Just a Shadow

What is a shadow but a Rorshach blot, a dark shape that fills your head with ideas that make you tremble? The shadow is nature’s foil for the fluffy white cloud that conjures images of lollipops and whales. Sure, not all shadows are scary. There are Hallmark moment shadows—say a shadow cast by a couple holding hands or your own shadow, which you probably don’t notice—but that’s not the kind of shadow I’m thinking of today. I’m writing about blurry edged shadows that provide cover for unknown things, the kind that make your heart beat faster.

A shadow’s greatest power is its ability to incite the imagination. All it has to do is exist to make someone curious or even scared. We all know that most things are “just a shadow,” but that usually doesn’t make anyone feel better. In some ways a mystery novel is a lengthy narrative of what an author sees in the shadows.

For my first twelve years, I lived just outside of Duluth, Minnesota on an overgrown patch of land with a creek running through it. In that part of Minnesota, the underbrush is thick and the shadows are thicker. You couldn’t even see the creek until you were basically in it. It’s not the kind of place you gleefully tromp through the woods to your treehouse, at least if you have an over active imagination. The bus used to drop me off a quarter mile from my driveway. Every day I would run at an outright sprint to my front door because I couldn’t see what was lurking in the shadows, not to mention, the only neighbor was Boo Radley-ing things up pretty good.

With the popularity of Scandinavian crime fiction, the darkest writing has been coming from places with the coldest climates, Minnesota is crawling with mystery writers: John Sanford, William Kent Krueger, and Kristi Belcamino, to name a few. I think it’s more than the cold climate, though. In a mountain climate, the sun comes out and relieves the relentless gray of winter from time to time. Not so much in Minnesota. Winter goes on and on and the snow just keeps getting dirtier, especially up north. Plus, there’s the landscape. I’ve never been to a Scandinavian country, but every time I go for a walk in northern Minnesota where the forest is the thickest, I expect to stumble across a shallow grave or get shot by a hunter. It’s never happened, but my shadowy imaginings aren’t susceptible to logic. When the woods are encroaching, the shadows are long, and seasonal affective disorder is in play, any book you write will have a soul as black the shadows that inspired it.

Now, let’s all take a moment and breath. That was really dark of me! I normally tell a lot of jokes and write cozy mysteries. I was really getting in the shadow mood. It’s that time of year, I guess. Is anyone reading anything scary for Halloween? I’ve got some Shirley Jackson lined up.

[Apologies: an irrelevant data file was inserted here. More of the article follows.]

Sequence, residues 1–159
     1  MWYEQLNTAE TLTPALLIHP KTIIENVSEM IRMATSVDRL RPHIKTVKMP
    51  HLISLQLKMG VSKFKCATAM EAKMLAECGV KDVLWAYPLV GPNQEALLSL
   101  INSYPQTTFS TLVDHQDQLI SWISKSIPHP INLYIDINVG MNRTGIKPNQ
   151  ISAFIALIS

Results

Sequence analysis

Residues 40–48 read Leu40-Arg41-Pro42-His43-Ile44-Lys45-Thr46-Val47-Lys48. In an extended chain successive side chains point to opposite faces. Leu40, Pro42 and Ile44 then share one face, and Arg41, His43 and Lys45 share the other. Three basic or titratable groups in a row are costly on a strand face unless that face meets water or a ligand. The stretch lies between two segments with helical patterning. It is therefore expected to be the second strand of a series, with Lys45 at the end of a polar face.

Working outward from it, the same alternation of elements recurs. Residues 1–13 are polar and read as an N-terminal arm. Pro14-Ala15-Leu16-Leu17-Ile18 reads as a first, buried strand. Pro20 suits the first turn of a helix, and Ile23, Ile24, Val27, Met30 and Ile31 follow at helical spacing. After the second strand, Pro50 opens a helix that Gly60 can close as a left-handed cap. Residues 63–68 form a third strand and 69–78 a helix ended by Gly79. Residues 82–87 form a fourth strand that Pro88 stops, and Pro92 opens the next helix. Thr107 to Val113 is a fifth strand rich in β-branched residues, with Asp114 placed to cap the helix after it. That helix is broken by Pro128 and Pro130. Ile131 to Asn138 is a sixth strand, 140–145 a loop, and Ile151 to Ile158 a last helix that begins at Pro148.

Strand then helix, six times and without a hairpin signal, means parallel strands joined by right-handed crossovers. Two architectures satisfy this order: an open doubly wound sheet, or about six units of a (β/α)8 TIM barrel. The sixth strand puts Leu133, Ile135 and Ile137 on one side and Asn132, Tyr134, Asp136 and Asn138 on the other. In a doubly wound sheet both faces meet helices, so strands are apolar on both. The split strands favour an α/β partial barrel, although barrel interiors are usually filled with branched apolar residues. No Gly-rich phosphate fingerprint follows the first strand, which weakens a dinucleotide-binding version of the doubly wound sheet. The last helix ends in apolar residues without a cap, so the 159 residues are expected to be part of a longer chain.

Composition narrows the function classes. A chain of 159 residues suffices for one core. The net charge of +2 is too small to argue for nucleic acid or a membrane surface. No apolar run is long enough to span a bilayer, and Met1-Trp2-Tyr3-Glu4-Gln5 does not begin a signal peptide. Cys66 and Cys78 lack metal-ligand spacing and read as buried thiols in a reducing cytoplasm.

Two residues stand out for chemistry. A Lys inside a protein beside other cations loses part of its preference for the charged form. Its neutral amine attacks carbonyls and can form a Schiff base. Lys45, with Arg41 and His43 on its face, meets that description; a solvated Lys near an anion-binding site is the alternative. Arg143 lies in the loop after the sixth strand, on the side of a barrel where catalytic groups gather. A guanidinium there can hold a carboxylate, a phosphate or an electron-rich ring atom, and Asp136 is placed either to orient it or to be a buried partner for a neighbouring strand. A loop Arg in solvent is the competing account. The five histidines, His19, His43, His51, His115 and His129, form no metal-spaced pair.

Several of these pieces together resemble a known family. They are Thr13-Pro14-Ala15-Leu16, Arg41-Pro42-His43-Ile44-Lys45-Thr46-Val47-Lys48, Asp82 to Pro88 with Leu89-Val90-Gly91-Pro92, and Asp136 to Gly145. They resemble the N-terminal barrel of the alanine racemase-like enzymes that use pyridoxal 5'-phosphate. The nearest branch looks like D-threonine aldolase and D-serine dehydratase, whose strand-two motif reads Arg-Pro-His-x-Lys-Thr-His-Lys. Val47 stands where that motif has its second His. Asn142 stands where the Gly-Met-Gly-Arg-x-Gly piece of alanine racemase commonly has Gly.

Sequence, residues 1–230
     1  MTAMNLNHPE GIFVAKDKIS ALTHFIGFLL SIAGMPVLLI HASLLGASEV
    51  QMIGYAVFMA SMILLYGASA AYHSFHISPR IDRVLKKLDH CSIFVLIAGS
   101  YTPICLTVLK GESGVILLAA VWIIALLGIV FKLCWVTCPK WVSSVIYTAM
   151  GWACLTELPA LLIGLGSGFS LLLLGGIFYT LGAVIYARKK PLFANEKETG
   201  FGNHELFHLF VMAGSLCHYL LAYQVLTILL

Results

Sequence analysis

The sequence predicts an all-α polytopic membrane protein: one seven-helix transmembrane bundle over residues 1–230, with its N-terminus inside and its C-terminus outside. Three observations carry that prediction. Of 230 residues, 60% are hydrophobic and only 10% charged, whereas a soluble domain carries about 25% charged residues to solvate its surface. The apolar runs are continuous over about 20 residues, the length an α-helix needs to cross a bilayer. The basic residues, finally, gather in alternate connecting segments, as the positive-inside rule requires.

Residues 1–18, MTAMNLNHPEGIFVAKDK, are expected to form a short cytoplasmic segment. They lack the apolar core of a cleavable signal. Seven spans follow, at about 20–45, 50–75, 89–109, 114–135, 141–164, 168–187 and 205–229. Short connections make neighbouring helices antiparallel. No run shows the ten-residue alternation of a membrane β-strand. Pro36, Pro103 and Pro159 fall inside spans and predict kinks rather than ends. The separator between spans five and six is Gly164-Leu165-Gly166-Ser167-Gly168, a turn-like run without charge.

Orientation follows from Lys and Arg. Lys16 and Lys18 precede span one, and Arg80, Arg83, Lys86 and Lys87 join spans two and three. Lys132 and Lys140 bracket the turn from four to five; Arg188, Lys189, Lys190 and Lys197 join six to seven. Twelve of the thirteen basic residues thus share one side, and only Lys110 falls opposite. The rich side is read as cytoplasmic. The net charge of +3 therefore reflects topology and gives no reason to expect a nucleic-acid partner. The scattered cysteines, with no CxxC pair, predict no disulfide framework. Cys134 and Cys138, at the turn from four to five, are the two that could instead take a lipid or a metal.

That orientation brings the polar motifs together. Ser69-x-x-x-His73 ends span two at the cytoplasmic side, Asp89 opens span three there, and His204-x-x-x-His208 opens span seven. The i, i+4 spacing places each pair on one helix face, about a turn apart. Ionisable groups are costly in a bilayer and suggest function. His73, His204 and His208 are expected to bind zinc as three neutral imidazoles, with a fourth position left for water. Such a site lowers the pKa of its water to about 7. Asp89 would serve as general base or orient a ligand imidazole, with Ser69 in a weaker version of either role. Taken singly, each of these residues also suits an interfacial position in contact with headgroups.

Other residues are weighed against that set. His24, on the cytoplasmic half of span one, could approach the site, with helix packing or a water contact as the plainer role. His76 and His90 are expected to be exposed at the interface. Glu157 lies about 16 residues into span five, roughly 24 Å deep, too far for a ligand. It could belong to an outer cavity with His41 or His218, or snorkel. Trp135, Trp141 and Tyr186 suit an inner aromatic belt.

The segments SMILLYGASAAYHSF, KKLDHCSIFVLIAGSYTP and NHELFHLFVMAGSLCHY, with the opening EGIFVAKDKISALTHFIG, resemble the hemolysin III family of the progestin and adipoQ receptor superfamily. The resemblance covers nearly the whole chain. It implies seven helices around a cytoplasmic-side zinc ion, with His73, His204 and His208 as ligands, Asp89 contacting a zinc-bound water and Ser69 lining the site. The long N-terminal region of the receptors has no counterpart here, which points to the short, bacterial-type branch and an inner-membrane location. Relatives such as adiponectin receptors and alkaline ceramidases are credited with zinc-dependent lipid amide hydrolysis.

10 thoughts on “Just a Shadow”

  1. “A shadow’s greatest power is its ability to ignite the imagination.” So true. Shadows entice and repel at the same time. They have no substance of their own, only what we give them. Good post.


  2. Wow! I kind of felt like I had to come out of a spell when I got to the end of this post. So true, the power of the shadow!

    “my shadowy imaginings aren’t susceptible to logic” = ❤

    And I will be reading Shirley Jackson too.


  3. I was caught by the same line Kait was. It’s so true; a shadow often is what we make it.

    Would I be snubbed if I say I’m not a fan of Halloween and I’ll be hiding in my bedroom to avoid the trick or treaters, probably with the latest Jane Ryland?


  4. Love “The shadow is nature’s foil for the fluffy white cloud that conjures images of lollipops and whales.” You know, I live in Alaska and don’t find it as dreary. Perhaps it’s because Anchorage is surrounded by mountains on one side and water on the other. Lots of wildflowers and wild animals. However from Halloween until Valentine’s Day, all I want to do is eat cookies and sleep. Now, as for my Hallowe’en reading, I am listening to John Connolly’s Nocturnes, a collection of short stories, on audible. I figured it had to be good since there’s so much hype over his about-to-be-released Nocturne II. So far, the first story is OK but the reading was horrible.


  5. I love this post, Sam! You’re so right that a shadow’s greatest power is what it can do to your imagination! I love my funny Sam, but serious Sam is pretty insightful too!


  6. Totally not snubbing you Mary! Halloween is exhausting.

    Keenan, I’ve heard Anchorage is beautiful! I haven’t heard the same about Fairbanks…


  7. Mary Sutton, I have finished “What You See” (the new Jane Ryland) and you will love it.

    I am currently reading “In a Dark Dark Wood” by Ruth Ware. It starts out with the traditional poem — (In a dark, dark wood, there was a dark, dark house etc.) and gets creepier from there. It is about a bachelorette/hen party that wrong, very, very wrong. There are lots of shadows hanging over this “girls” weekend and little by little the secrets are coming out. As the weather turns colder and darker, so do the characters. Problem after problem and hint after hint are keeping me reading. Must get back to it.


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